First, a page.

Este Blogue tem como objectivo a discussão da violência em geral e da guerra na Pré-História em particular. A Arqueologia da Península Ibérica tem aqui especial relevo. Esperamos cruzar dados de diferentes campos do conhecimento com destaque para a Antropologia Social. As críticas construtivas são bem vindas neste espaço, que se espera, de conhecimento.

Guerra Primitiva\Pré-Histórica
Violência interpessoal colectiva entre duas ou mais comunidades políticas distintas, com o uso de armas tendo como objectivo causar fatalidades, por um motivo colectivo sem hipótese de compensação.

Saturday, 25 April 2009

Developments of cognitive capacities for violence in Bronze Age Ireland - Barry Molloy

in The Sixth World Archaeological Congress
29 June - 4 July 2008
University College Dublin
Session: The experiential role of violence and combat in the creation of social identities
Session organisers: Barry Molloy and Angelos Papadopoulos
Developments of cognitive capacities for violence in Bronze Age Ireland
Barry Molloy
UCD School of Archaeology

Should warfare be seen as a defining characteristic of European Bronze Age societies as has been asserted by Anthony Harding (1999)? Was it really that important in the daily grind of prehistoric life to warrant such a dramatic claim? It will be argued in this paper that the evolution of formalised group combat fundamentally changed the ordering of prehistoric societies in Europe, as will be illustrated through the case study of Bronze Age Ireland. The use of the material culture from this specific dataset will provide a succinct example as to the impact that changes in combat modalities had on broader social trajectories, particularly through an increased level of specialisation of warrior skills.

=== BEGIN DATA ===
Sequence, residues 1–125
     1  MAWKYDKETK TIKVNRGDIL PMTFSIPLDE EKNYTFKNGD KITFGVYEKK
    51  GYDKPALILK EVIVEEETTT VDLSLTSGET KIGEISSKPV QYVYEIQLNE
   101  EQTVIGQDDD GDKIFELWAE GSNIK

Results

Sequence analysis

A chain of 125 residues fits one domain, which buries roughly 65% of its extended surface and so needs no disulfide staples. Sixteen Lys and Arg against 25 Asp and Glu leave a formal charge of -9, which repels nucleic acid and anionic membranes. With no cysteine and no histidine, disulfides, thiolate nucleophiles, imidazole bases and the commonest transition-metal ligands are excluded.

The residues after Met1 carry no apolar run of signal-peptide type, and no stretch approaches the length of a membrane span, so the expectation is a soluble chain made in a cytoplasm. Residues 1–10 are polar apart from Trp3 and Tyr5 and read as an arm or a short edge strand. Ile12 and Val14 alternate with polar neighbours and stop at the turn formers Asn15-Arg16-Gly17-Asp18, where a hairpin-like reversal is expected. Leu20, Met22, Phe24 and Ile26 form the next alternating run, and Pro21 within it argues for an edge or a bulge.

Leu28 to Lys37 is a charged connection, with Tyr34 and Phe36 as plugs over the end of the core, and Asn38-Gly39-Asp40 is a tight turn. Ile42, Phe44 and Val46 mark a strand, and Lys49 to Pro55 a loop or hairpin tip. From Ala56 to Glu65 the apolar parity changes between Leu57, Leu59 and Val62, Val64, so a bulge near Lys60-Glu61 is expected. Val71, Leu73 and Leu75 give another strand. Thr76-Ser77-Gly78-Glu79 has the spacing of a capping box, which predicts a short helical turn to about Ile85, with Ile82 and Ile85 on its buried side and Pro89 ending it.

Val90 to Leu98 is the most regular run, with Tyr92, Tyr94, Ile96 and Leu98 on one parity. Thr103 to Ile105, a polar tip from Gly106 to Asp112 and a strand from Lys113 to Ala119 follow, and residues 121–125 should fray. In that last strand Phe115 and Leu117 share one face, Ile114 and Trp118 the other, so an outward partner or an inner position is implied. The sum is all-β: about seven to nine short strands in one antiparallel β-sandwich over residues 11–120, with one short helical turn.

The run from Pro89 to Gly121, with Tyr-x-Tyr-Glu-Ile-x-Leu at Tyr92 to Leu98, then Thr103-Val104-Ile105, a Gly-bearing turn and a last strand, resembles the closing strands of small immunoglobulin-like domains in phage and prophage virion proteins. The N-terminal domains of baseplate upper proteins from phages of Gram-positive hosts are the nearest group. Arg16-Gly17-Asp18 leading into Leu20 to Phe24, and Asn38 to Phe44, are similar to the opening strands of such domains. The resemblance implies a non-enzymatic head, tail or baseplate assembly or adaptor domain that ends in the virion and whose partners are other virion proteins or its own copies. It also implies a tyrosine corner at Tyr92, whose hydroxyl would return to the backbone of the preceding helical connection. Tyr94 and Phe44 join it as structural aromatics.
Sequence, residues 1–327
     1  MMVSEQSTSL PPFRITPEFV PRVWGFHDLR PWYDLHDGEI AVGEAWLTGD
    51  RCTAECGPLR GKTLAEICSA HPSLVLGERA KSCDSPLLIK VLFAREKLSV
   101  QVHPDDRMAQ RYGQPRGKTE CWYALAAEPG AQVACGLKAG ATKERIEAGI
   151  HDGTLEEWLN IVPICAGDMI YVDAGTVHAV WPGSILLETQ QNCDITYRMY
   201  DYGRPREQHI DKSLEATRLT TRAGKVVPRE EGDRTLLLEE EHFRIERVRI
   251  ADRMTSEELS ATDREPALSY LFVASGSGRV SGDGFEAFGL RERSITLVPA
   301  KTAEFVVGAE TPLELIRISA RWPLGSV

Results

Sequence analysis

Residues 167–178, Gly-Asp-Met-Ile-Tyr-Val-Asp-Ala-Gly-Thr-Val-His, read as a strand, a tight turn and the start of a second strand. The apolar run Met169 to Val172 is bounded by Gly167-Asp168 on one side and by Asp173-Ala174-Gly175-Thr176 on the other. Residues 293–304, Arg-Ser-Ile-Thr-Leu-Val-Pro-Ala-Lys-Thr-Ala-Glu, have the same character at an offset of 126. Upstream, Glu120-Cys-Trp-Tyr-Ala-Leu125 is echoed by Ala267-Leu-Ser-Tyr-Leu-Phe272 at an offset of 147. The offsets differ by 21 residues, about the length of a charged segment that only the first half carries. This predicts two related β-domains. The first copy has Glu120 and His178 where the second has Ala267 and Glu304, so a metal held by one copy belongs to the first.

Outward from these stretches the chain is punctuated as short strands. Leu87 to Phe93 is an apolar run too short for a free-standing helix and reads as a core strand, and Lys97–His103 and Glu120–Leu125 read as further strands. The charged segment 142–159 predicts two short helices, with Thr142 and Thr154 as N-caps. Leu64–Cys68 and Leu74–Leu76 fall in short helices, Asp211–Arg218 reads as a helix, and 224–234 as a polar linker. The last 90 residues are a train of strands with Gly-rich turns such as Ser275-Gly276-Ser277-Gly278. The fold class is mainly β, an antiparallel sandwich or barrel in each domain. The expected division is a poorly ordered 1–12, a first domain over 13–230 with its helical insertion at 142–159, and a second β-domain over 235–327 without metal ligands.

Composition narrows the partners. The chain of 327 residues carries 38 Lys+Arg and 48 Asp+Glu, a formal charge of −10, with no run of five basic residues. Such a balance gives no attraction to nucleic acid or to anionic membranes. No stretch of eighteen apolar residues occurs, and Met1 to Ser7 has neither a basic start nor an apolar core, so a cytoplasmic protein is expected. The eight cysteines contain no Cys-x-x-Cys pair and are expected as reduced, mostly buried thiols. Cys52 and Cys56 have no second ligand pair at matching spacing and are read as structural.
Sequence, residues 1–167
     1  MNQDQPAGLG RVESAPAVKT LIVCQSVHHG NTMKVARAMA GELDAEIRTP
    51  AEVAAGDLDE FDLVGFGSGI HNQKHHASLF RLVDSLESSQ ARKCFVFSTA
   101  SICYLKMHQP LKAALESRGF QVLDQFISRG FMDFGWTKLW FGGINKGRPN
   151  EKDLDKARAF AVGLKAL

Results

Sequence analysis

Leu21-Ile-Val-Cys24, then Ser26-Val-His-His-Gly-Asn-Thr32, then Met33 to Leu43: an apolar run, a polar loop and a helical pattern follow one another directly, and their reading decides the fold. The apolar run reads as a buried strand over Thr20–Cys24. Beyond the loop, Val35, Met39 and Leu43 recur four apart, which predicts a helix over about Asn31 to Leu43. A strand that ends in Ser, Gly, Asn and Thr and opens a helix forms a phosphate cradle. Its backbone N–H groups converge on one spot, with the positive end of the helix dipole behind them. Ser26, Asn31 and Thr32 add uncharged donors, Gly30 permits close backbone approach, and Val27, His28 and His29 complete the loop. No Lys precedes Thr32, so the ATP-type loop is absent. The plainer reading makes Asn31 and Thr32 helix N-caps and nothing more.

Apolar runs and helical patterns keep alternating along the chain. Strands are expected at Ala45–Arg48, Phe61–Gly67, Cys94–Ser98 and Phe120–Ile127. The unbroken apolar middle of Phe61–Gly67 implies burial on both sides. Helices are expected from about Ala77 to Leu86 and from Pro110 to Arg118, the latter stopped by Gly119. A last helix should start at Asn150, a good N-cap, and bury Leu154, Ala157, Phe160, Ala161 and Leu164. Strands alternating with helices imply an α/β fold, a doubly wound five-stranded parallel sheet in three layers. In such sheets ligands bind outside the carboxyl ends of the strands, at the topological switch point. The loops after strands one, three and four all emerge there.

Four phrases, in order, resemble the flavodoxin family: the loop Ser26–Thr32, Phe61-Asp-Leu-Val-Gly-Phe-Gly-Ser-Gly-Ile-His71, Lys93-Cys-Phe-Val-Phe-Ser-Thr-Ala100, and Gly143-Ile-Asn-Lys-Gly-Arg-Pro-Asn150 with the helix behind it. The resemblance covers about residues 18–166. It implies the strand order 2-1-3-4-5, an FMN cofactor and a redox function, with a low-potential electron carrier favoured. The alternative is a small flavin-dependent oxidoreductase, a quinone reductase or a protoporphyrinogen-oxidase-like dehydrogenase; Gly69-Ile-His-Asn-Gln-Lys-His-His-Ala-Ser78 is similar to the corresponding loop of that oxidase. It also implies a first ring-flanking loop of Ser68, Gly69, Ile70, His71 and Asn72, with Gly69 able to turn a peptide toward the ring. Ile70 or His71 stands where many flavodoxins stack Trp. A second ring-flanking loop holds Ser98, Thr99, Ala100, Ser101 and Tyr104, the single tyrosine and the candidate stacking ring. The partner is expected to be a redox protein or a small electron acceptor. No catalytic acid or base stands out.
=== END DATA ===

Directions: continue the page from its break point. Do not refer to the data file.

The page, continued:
The notion of so-called "warrior elites" in the Bronze Age of Europe has been around for as long as the discipline of archaeology, though this term has by now fallen out of favour with many. It is not my aim to engage in a quest for a more palatable way of expressing "warrior elites" or indeed to rehabilitate the term in and of itself. Instead, I would like to explore how the evolution of the material culture of combat demanded a commensurate increase in skill specialisation by those who used these weapons to kill one another, and what were the social and practical implications of such a development.
Violence and killing in formal warfare can be seen as acutely meaningful actions in that they are not the result of random aggression or belligerence, they are functional actions which were socially tailored and legitimated. Society expected these events to occur and it was structured to facilitate them to occur when needed – tools were designed and created and those who used these tools were selected (by family, skill or otherwise) and equipped. The complexity of the martial panoplies therefore reflects to some considerable extent both the expectations and requirements of warriors. This exploration of how the evolution of weaponry in Ireland impacted on society will begin in the Early Bronze Age where we first find artefacts which may be regarded as a tool of interpersonal violence – in particular, the dagger.